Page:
We have now established quite a repertoire of treadling elements we can use with a single tie-up: straight sequences, points, extensions and advances. By putting these together we can build an enormous variety of designs.Last Updated on April 1, The design produces a twill sampler. Each color block is threaded to a variation of twill drafts, separated by a contrasting border.

Weaving Draft. The draft shows 4 different treadlings. Many other treadling combinations are possible. Try these out, as well as experimenting with your own, to create your own unique towels for your kitchen. After cutting the warp from the loom, I sewed the cut ends with a zigzag stitch, to prevent fraying while the project was washed.

I then put the warp into the washing machine and washed and dryed it through a normal wash cycle. After drying, I steam iron the complete warp length. Because handwoven fabrics have a tendency to fray, I zigzag all edges before I do cutting. The hem is then turned under and sewn with a straight seam. And again, turned under and sewn with another straight seam to finish the hem edge.

Hand Weaving Books Weaving on a Little Loom Everything you need to know to get started with weaving, includes 5 simple projects. I've had an interest in weaving, looms, yarns and textiles since I was a small child.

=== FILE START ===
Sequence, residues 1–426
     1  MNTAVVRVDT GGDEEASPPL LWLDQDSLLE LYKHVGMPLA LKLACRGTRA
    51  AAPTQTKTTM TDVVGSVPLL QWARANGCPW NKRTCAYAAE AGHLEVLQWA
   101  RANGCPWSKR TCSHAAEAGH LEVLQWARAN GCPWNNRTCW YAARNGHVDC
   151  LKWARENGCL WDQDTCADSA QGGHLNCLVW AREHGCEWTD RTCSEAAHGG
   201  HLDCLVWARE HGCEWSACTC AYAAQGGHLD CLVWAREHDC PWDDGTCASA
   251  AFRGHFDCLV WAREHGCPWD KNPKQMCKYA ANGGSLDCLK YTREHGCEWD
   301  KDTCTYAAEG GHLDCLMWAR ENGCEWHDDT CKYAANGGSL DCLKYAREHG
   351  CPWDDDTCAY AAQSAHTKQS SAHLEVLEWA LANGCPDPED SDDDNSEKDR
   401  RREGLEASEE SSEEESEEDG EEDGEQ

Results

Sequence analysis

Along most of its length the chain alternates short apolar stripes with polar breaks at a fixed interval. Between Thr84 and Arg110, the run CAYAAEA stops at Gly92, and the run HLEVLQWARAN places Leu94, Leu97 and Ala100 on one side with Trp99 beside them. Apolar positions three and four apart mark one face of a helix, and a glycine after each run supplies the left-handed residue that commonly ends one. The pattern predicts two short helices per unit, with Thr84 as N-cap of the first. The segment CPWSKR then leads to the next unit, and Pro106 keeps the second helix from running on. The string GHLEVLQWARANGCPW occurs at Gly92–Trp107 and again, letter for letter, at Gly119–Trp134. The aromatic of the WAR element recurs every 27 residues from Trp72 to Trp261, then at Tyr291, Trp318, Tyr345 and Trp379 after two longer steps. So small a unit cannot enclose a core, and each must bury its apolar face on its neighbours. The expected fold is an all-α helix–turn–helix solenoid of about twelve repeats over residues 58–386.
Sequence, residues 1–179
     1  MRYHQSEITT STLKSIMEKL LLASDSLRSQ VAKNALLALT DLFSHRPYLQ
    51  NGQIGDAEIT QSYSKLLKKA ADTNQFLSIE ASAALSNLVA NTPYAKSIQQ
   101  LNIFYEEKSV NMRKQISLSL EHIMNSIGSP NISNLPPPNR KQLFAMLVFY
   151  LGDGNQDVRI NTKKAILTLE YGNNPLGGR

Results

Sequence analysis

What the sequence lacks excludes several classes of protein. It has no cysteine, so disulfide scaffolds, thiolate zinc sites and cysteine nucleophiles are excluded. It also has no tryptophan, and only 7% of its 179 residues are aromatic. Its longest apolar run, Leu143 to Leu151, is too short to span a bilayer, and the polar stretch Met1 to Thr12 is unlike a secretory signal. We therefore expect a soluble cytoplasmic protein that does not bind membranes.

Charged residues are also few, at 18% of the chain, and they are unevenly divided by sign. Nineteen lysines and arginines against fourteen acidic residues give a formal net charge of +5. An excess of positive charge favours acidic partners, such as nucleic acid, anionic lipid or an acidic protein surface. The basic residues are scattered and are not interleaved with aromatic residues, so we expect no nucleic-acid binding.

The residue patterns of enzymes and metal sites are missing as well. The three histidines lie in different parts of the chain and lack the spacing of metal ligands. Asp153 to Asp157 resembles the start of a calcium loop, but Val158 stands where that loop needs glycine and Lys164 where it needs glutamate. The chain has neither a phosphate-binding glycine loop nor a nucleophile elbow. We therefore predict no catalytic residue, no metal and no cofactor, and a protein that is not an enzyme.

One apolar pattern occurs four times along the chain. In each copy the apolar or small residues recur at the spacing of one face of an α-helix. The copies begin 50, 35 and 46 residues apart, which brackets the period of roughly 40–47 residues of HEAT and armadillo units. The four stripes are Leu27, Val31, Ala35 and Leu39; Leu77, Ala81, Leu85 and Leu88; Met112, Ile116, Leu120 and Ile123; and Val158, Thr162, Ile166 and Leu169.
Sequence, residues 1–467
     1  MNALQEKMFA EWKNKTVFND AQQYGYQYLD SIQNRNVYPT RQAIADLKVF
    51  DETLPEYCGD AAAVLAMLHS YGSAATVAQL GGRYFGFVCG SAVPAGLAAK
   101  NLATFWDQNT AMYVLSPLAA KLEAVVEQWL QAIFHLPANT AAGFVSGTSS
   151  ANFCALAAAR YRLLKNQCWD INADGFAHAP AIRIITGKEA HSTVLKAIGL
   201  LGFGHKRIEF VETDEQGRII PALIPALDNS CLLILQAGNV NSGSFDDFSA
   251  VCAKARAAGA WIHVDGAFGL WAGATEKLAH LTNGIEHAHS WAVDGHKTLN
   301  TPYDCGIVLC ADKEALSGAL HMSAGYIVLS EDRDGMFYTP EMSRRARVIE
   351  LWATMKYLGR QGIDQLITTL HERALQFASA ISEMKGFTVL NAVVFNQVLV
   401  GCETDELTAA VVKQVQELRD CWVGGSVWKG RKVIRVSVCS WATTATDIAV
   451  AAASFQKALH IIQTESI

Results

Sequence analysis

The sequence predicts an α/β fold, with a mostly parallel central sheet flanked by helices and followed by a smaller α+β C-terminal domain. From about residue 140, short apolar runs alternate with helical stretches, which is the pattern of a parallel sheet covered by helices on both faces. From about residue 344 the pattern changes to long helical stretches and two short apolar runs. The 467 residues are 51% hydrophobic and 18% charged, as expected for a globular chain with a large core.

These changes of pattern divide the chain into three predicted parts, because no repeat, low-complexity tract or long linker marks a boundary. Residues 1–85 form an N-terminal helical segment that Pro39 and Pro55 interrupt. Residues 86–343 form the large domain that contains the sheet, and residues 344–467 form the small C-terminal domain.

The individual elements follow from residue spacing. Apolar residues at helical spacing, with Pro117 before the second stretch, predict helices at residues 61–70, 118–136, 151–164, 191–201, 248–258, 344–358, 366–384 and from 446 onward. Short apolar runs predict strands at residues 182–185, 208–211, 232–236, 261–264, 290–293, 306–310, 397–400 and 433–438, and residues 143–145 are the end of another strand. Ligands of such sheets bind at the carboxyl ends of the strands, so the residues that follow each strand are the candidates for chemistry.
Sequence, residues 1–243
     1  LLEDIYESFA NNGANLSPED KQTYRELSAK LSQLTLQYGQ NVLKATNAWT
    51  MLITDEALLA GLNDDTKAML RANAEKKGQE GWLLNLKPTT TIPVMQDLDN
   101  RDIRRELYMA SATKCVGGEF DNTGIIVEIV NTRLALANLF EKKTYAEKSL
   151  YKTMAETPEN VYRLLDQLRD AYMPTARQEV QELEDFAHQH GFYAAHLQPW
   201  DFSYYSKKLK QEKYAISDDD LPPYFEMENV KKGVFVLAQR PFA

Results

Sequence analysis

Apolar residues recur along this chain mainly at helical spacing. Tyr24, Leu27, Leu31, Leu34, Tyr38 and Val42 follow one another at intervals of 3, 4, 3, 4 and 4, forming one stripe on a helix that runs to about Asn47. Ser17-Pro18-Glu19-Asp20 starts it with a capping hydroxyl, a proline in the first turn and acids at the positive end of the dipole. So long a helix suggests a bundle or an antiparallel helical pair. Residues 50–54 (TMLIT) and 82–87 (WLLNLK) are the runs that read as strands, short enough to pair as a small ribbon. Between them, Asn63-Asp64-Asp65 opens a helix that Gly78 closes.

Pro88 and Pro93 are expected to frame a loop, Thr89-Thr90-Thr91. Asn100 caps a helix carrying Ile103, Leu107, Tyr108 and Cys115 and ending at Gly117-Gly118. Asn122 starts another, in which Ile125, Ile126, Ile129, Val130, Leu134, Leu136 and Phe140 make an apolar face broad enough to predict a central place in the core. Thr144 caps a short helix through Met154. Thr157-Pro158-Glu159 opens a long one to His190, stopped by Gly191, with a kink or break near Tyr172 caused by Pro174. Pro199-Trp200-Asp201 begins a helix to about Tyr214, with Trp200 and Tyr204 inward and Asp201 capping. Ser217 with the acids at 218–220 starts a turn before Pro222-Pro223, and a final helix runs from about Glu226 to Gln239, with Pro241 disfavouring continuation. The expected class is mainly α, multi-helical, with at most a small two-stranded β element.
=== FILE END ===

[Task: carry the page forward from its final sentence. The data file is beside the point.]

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I learned to knit, crochet, sew, do needlepoint at my mother's knee. My grandmother was a Saami from northern Norway. I am very interested in studying more about tradtional Saami and Finnish style weaving and handicrafts. Paivi Suomi View all posts by Paivi Suomi. Skip to content.

Author: Paivi Suomi I've had an interest in weaving, looms, yarns and textiles since I was a small child. Previous Previous post: Spider Silk : aa Next Next post: Selkirk Spinners: aa This website uses cookies to improve your experience.

My floor loom in on new handover twill block

We'll assume you're ok with this, but you can opt-out if you wish. Accept Reject Read More. Necessary Always Enabled.Have you ever wondered how many variations of twill designs for weaving there are? It is such a diverse family of weaves that, even if you never use more than four shafts, you are unlikely ever to run out of options! One of the most useful ways to explore this world of twills is to weave a twill sample blanket or gamp.

By mixing a selection of threadings and treadlings you will create your very own handwoven pattern directory. First you need to plan your threading. For a classic gamp, this will consist of equal-sized blocks, each roughly 2 inches wide in the reed. Making each block a multiple of 4 ends is sensible; making them a multiple of 12 ends is even better! In my piece, I have chosen 48 ends, so I can easily use threading repeats of 4, 6, 8 or 12 ends.

To choose your twills you can browse through any weaving reference book or use the online resources at handweaving. I also decided that I would use a 4-end stripe of straight twill as a border and to separate the pattern blocks. Altogether my threading consists of ends: the full draft is available here. I decided to keep my focus on the pattern and so my twill blocks are all the same color, a light blue-green, with a pale gray stripe for the borders.